By Robin Lustig
The World Tonight, Rio de Janeiro
Brazil has not had a war with its neighbours in more than 140 years
What does a country like Brazil want with 36 brand new fighter aircraft, five new submarines, 50 helicopters, a range of new missiles and tanks, as well as state-of-the-art radar equipment?
What it wants, quite simply, is to be acknowledged as an undisputed regional superpower.
Brazil is by far the biggest country in South America by land mass, by population, and by economic strength - so military strength seems the obvious last piece of the jigsaw.
Plus the not irrelevant fact that Brazil has only recently discovered that it is sitting on vast amounts of unexploited off-shore oil reserves.
With nearly 150,000 sq km of territorial waters to patrol, you want a modern navy as well as a big one.
As for the 17,000km of land borders, they need patrolling too, particularly in the vast Amazon region where drugs smugglers can take advantage of porous frontiers and illegal loggers can rip out timber.
In years to come, Brazil hopes to be able to exploit bio-pharmaceuticals from the Amazon's incomparable natural riches - another reason to ensure that the Amazon is secure.
The Brazilian foreign minister, Celso Amorim, told me in an interview here: "We have borders with 10 neighbours, and we have had no war with them for 140 years.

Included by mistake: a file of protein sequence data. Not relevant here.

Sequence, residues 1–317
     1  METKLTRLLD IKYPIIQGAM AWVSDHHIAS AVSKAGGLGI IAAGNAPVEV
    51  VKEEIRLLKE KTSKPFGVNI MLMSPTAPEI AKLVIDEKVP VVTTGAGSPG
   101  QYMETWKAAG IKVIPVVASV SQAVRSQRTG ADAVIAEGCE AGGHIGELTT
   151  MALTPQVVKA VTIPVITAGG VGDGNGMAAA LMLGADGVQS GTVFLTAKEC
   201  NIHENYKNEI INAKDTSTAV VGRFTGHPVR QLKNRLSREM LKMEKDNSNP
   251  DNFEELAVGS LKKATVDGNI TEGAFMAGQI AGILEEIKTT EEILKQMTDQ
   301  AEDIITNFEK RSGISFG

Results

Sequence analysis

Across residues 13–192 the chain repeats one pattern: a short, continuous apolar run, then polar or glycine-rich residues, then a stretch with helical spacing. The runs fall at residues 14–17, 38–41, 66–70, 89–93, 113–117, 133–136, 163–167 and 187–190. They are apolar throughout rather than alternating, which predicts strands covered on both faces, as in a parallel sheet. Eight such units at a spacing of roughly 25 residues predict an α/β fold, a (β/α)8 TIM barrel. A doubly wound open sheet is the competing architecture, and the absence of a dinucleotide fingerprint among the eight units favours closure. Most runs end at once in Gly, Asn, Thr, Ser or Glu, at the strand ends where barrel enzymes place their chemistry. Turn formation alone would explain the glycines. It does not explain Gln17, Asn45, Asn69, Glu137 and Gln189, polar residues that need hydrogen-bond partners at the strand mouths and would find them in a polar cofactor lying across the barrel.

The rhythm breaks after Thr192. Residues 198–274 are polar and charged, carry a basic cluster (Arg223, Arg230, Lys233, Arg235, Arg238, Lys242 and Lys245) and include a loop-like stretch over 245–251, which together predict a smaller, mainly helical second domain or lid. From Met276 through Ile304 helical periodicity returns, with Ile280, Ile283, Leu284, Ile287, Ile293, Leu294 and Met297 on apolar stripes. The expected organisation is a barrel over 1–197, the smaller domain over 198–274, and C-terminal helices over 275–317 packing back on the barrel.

"How many other countries can say that?" (The last time Brazil went into combat was in Italy in 1944, on the side of the Allied forces).
Even the army officer who is in charge of training Brazil's peace-keeping forces argues the need for "hard power" as well as "soft power".
"It is good if people think you are nice," said Colonel Pedro de Pessoa, commander of the army's Peace Keeping Operations Training Centre. "But they must also think that you are capable of being bad."
Brazil leads the United Nations peace-keeping force in Haiti. It also participates in UN peace-keeping missions in central Africa, Cyprus, East Timor, Ivory Coast, Liberia and Western Sahara. This is a country that wants to take both "hard" and "soft" power seriously.
As for those 36 fighter aircraft, Defence Minister Nelson Jobim says he will be announcing within the next couple of weeks who will get the order.
The French Rafale, built by Dassault, seems to be the favourite, but Boeing's F-18 and the Swedish Griffin are also being considered.
If the foreign minister is right, Brazil has no intention of threatening anyone.
"It is in the Brazilian character to want to be friends with everyone," he told me.
But this is a country that firmly believes its hour has come. And it is determined to make sure that no one thinks it is too weak militarily to defend its interests.
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